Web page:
Figure 3

High-mass MALDI mass spectra of BtuC2D2 in LDAO (a) without any cross-linker (control), and after applying BS3 (b), DSS (c), BS(PEG)5 (d), and BS(PEG)9 (e), respectively. Blue symbolizes the BtuC subunit and green the BtuD subunit

For PglK, the cross-linking efficiency was comparable for all NHS esters and for glutaraldehyde. Supplementary Table 2 presents the cross-linking efficiency of all NHS esters applied to PglK, which was solubilized in two different detergent micelle preparations. In both detergents, all the cross-linkers exhibited a similar cross-linking efficiency, 63% in DDM and 71% in C12E8. In a previous report, comparable cross-linking efficiency was observed for NCoA-1·STAT6Y, which has a KD around 30 nM [21]. This suggests that the PglK dimer is also tightly bound, with a KD in the nanomolar range. Besides the contribution of the binding affinity of the PglK dimer, we also believe the high prevalence of lysine residues in PglK (55 lysine residues, 9.4%, higher than average, which is around 6%), to play an important role in the stabilization via chemical cross-linking.

As opposed to the high cross-linking efficiency of all NHS esters in stabilizing the PglK complex, neither BS3 nor DSS was able to stabilize the BtuC2D2 complex. BS(PEG)5 or BS(PEG)9 could stabilize the BtuC2D2 complex, but with cross-linking efficiency much lower than that of glutaraldehyde [4]. We suggest that the difference in efficiency of the different NHS cross-linkers in stabilizing the BtuC2D2 complex is due to the different spacer arm lengths: DSS has a carbon chain with a length of only 11.4 Å, whereas BS(PEG)5 has a 21.7 Å and BS(PEG)9 a 35.8 Å spacer arm length. In our previous work, we have found that the cross-linking efficiency for soluble protein complexes is strongly influenced by the distances of target amino acid residues [22]. Therefore, we calculated the distances between primary amine groups, including the N-terminus and the Lys residues, in the different subunits of BtuC2D2 from its crystal structure (PDB 1L7V, Figure 4a). We plotted the distances between primary amine groups in the B subunit (BtuC in green) and those in the other three units in Figure 4b. The B subunit has only two primary amine groups, one lysine residue and the N-terminus. Distances to other amine groups in the complex are mostly in the 25 to 70 Å range (Figure 4b); distances below 20 Å (12.3 and 18.2 Å) are only found in two Lys residues in the D subunit (BtuD). For the C subunit (BtuD in pink), the same evaluation is presented in Figure 4c. For the target amine groups in the D subunit (BtuD subunit), distances below 20 Å to the amine groups in other subunits are mostly found within the other BtuD subunit. This explains the observation of the higher BtuD dimer intensity compared with other subcomplexes, such as BtuCD, BtuCD2, or the full BtuC2D2. The amine–amine distances thus dictate whether cross-linkers such as BS(PEG)5 or BS(PEG)9 are able to stabilize the BtuC2D2 complex or not, as in the case of DSS. Moreover, we hypothesize that the limited number of lysine residues in the BtuC subunit results in a low cross-linking efficiency, even when BS(PEG)5 or BS(PEG)9 are used. If specific cross-linkers of defined length are employed, subsequent digestion of a protein or a protein complex can yield distance constraints on the three-dimensional structure. The correlation between the chemical cross-linking efficiency and the spacer arm length of various NHS ester-based cross-linkers could, in the future, be exploited to map membrane protein structures, even in the presence of detergent micelles.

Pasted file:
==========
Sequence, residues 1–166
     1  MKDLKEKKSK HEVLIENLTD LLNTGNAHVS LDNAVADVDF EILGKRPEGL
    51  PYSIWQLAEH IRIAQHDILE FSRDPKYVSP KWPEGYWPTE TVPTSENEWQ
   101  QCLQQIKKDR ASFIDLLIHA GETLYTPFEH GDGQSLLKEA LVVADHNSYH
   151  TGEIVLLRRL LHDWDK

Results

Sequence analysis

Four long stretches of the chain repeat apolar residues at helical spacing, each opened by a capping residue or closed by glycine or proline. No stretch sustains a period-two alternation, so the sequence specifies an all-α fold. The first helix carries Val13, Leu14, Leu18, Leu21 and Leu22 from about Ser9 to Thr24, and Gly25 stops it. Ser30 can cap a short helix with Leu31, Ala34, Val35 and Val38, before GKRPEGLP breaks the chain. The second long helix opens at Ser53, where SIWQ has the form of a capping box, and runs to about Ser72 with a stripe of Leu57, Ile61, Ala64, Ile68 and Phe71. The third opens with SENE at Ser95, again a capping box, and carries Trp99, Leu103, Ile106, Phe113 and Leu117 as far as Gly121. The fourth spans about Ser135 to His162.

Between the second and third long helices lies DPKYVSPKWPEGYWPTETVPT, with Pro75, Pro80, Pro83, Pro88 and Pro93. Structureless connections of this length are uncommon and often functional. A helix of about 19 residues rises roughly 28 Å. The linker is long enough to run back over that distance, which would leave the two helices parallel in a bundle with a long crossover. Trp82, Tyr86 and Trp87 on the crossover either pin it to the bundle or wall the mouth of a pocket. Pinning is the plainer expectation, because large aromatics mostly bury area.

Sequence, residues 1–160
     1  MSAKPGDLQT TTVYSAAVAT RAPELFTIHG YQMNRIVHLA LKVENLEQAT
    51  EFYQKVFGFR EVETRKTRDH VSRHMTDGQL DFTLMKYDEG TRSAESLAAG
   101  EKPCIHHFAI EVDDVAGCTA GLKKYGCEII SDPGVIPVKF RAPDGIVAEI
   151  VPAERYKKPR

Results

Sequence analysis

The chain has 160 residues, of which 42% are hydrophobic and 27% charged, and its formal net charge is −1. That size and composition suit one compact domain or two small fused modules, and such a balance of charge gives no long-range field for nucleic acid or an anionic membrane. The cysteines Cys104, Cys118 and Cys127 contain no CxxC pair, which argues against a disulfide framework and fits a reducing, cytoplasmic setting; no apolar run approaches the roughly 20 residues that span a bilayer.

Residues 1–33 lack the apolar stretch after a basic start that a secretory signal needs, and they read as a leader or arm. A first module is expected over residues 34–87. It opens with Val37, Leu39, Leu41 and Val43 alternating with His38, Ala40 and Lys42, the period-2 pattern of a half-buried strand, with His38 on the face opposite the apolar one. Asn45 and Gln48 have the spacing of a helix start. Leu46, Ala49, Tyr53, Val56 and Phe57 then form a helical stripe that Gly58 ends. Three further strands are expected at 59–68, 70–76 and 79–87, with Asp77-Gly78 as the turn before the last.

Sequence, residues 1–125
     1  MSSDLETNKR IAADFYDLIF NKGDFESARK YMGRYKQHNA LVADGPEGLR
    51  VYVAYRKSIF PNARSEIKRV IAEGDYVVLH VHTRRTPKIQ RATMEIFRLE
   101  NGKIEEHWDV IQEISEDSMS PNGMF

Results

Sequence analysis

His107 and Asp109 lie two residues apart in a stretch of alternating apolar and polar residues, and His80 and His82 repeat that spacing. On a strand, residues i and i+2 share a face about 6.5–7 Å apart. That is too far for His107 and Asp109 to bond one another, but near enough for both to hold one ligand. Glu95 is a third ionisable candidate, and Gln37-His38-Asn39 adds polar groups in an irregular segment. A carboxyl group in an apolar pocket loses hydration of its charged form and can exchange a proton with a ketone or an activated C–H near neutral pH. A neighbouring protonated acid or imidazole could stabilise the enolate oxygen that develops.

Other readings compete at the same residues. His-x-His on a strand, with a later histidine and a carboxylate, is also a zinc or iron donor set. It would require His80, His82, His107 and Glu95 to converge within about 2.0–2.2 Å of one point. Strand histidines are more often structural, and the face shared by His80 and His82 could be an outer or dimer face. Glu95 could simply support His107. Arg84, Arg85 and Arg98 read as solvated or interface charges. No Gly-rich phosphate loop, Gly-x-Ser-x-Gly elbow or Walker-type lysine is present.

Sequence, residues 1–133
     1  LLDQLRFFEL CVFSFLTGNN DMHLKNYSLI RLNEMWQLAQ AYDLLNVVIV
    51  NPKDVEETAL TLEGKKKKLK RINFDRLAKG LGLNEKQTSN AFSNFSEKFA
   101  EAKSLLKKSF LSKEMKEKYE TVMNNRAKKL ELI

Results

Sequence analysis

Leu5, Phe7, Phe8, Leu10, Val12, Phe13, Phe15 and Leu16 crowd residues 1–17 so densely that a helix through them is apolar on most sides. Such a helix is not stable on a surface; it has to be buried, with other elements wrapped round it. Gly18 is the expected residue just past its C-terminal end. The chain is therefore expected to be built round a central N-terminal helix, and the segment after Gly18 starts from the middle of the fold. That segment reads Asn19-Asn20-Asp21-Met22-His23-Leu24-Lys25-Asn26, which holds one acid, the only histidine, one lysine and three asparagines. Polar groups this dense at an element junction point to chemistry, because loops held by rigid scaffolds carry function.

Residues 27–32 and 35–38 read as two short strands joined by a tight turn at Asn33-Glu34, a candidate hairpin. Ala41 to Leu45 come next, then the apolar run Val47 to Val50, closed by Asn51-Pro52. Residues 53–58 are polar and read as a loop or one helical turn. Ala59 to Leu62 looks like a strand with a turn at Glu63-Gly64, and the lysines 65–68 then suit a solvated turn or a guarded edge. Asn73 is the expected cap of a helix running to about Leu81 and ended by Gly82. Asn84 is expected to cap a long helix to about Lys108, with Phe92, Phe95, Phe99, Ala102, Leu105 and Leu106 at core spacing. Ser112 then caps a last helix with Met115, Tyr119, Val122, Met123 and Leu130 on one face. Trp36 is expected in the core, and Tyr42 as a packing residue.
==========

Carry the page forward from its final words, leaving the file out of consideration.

Figure 4

Ribbon diagram of BtuCD (PDB ID code 1L7V) (a); distribution of inter-subunit amine-amine distances between the B subunit of BtuCD (b), and the D subunit of BtuCD (c), respectively, and the rest of the BtuC2D2 complex

4 Conclusions

In this study, we conducted cross-linking with chemically specific NHS-esters of two membrane protein complexes, PglK and BtuC2D2. The cross-linking experiment was carried out with a series of chemical cross-linkers with different spacer arm lengths. We found clear evidence that NHS esters can be used to stabilize or cross-link membrane protein complexes even in the presence of different detergents, such as DDM, LDAO, and C12E8. The reactivity differs among the cross-linkers applied, and depends on the protein structure, including the number of lysine residues and the amine-amine distances between different subunits. The low number of available lysine residues is probably the reason for the relatively low cross-linking efficiency in BtuC2D2, compared with the efficient stabilization of the PglK dimer. The successful cross-linking of membrane protein complexes in different detergent micelles via NHS esters highlights the possibility to map membrane protein structures by chemical cross-linking in situ, combined with mass spectrometry.


The authors acknowledge financial support from the Swiss National Science Foundation (SNF), grant no. 200020-124663 (to R.Z.) and grant no. 31003A-116191 (to K.P.L.), as well as from the National Center for Excellence in Research (NCCR) Structural Biology (to K.P.L.).

Supplementary material

13361_2014_1035_MOESM1_ESM.docx (83 kb)
Supplementary Table 1(DOCX 82 kb)
13361_2014_1035_MOESM2_ESM.docx (19 kb)
Supplementary Table 2(DOCX 19 kb)

Copyright information

© American Society for Mass Spectrometry 2014

Authors and Affiliations

  • Fan Chen
    • 1
  • Sabina Gerber
    • 2
  • Volodymyr M. Korkhov
    • 2
  • Samantha Mireku
    • 2
  • Monika Bucher
    • 2
  • Kaspar P. Locher
    • 2
  • Renato Zenobi
    • 1
  1. 1.Department of Chemistry and Applied BiosciencesETH ZürichZürichSwitzerland
  2. 2.Institute of Molecular Biology and BiophysicsETH ZürichZürichSwitzerland